Oral Answers to Questions — Defence – in the House of Commons at 12:00 am on 9th May 1989.

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Photo of Mr Jimmy Wray Mr Jimmy Wray , Glasgow Provan 12:00 am, 9th May 1989

To ask the Secretary of State for Defence if he will make a statement on the outcome of the recent NATO nuclear planning group meeting.

Photo of Mr George Younger Mr George Younger , Ayr

At the nuclear planning group meeting on 19 and 20 April, Ministers reaffirmed their determination to ensure that NATO has effective and up-to-date nuclear forces across the full spectrum of ranges, and expressed their continued support for national efforts to meet modernisation requirements stemming from Montebello. Ministers also noted SACEUR's conclusions about the link between modernisation and stockpile reductions and about the contribution to deterrence of new longer-range, ground-launched and air-delivered weapons. A copy of the communiqué issued at the end of the meeting, and agreed by all Ministers, has been placed in the Library of the House.

Photo of Mr Jimmy Wray Mr Jimmy Wray , Glasgow Provan

Is it not a fact that a question mark hangs over the decision taken by the nuclear planning group? Is it not also a fact that the Prime Minister, by delaying the modernisation of short-range missiles, is reluctant to accept that decision? Does the right hon. Gentleman's statement mean that there is to be an increase in the number of FE111 s and FE15s?

Photo of Mr George Younger Mr George Younger , Ayr

The hon. Gentleman is misinformed about the outcome of the meeting. The outcome, with the unanimous agreement of every nation present, was to reaffirm the nuclear defensive strategy of NATO, to reaffirm the need to keep weapons up to date and to reaffirm the unanimous view of all that a third zero would not be in the interests of the west. It cannot be said too often that we have had secure peace and freedom from war for so many years because of the existence of nuclear deterrence, which we would abandon at our peril.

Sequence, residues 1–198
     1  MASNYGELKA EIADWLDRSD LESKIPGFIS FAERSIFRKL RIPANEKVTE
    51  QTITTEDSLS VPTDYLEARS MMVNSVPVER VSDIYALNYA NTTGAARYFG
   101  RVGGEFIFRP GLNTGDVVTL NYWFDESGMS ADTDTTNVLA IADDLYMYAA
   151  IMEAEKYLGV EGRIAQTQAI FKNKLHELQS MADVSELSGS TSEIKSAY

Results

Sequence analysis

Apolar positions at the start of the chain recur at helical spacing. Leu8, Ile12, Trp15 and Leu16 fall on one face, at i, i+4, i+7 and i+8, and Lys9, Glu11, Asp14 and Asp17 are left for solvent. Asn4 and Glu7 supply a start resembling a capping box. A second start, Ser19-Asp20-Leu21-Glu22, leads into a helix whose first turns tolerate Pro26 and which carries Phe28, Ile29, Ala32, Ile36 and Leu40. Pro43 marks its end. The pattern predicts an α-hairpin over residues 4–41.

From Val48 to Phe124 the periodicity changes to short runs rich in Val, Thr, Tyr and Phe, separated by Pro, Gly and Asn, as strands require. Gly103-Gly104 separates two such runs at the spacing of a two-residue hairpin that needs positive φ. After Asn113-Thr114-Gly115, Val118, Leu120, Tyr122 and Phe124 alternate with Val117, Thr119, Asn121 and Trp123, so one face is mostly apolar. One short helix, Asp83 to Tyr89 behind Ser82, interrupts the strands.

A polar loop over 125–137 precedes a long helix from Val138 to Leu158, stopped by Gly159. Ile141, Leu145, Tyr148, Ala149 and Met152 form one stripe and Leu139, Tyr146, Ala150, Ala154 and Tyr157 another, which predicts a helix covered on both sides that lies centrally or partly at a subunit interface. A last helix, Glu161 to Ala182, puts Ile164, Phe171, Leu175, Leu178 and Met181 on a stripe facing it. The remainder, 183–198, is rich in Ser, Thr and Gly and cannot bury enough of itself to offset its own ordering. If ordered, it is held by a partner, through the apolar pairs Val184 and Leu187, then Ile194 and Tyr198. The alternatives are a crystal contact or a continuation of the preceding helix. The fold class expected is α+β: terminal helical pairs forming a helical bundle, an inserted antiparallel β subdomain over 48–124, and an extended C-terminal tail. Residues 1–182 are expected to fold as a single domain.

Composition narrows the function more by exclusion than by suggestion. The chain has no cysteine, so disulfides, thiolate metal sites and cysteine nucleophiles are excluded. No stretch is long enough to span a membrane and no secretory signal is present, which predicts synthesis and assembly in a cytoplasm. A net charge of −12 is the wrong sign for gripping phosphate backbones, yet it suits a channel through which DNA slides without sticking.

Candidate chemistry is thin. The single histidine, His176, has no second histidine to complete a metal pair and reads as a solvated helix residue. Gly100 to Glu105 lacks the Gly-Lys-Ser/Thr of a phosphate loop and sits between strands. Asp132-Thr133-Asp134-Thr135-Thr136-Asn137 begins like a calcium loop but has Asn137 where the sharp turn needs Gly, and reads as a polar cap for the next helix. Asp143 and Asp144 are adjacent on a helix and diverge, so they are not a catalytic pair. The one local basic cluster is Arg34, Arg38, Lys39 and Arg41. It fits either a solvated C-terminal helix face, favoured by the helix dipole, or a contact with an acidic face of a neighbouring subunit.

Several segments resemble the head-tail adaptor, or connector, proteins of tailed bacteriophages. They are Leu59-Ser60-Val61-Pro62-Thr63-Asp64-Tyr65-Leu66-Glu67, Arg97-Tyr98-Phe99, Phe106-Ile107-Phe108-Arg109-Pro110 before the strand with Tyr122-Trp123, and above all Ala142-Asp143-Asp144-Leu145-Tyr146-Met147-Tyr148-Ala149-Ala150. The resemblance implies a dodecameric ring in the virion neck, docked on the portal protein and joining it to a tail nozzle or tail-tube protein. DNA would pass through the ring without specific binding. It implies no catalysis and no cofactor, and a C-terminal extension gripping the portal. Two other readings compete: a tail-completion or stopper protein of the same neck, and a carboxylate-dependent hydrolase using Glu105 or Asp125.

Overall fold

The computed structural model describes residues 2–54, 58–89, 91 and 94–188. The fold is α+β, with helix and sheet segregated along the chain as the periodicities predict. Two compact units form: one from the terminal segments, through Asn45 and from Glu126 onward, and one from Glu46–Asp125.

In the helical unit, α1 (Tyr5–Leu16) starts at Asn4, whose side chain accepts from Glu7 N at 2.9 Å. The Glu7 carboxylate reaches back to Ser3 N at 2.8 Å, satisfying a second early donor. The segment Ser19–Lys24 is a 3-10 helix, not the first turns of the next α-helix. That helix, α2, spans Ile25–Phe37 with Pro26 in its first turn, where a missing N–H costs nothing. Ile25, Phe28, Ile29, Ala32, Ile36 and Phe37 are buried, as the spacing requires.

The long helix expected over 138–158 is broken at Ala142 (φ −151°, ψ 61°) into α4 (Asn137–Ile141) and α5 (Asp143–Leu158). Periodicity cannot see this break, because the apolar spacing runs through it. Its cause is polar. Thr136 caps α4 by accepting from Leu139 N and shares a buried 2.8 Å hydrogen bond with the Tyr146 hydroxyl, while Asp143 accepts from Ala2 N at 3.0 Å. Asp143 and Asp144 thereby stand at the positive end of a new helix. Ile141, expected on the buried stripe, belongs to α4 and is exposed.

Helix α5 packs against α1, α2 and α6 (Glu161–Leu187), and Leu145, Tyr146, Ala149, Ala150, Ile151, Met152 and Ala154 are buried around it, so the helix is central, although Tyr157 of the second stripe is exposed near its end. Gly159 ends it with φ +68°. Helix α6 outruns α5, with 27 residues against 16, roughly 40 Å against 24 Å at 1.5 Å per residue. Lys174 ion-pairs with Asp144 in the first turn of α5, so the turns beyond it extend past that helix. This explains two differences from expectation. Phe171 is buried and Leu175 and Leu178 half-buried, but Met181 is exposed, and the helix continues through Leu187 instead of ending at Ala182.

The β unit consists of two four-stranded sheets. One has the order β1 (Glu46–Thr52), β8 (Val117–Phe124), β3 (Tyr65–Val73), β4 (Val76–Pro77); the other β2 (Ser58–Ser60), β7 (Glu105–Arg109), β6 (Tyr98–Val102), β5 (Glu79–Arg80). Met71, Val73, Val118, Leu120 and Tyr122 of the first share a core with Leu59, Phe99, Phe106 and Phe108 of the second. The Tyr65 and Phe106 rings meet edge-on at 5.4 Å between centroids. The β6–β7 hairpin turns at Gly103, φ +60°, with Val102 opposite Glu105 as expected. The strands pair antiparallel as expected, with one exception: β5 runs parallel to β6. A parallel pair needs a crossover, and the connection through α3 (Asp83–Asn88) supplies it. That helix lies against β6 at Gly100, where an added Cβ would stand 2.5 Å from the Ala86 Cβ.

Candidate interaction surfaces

Photo of Mr Anthony Grant Mr Anthony Grant , Cambridge South West

What does my right hon. Friend think would have been the reaction of his colleagues at that NATO meeting had he told them that it was the policy of Her Majesty's Government not to use the nuclear deterrent, even if necessary?

Photo of Mr George Younger Mr George Younger , Ayr

I am afraid that if I had made such a statement, nobody present from any Administration of any party would have agreed with me. Britain would have been in a minority of one, and I hope never to see Britain in a minority of one at NATO.

Photo of Mr Sean Hughes Mr Sean Hughes , Knowsley South

Will the right hon. Gentleman now answer the question that I put to him on 7 March, which the Minister of State also refused to answer on 11 April and about which I wrote to the Department a month ago and to which I have not received a reply? Do the Government take seriously the threat of a tactical nuclear attack on NATO's fixed assets in West Germany?

Photo of Mr George Younger Mr George Younger , Ayr

I am not sure what lies behind the question—[Hons. MEMBERS: "Answer."] The Government certainly do take seriously the large superiority in weapons lined up against us in western Europe—weapons of all kinds; nuclear, conventional and chemical—and it is to make all those unusable that the policy of nuclear deterrence has worked so effectively for so long.

Photo of Mr Tony Marlow Mr Tony Marlow , Northampton North

How would my right hon. Friend set about planning into such a meeting a nuclear deterrent which he had committed himself not to use? Would it not be something of a white elephant? Or, to put it another way, would it not be like hiring an expensive guard dog which had lost its bark, which he was having put down and which he intended to stuff?

Photo of Mr George Younger Mr George Younger , Ayr

I cannot better my hon. Friend's simile. To arm oneself with a deterrent which one then said one would in no circumstances use would be about as effective as a feather duster.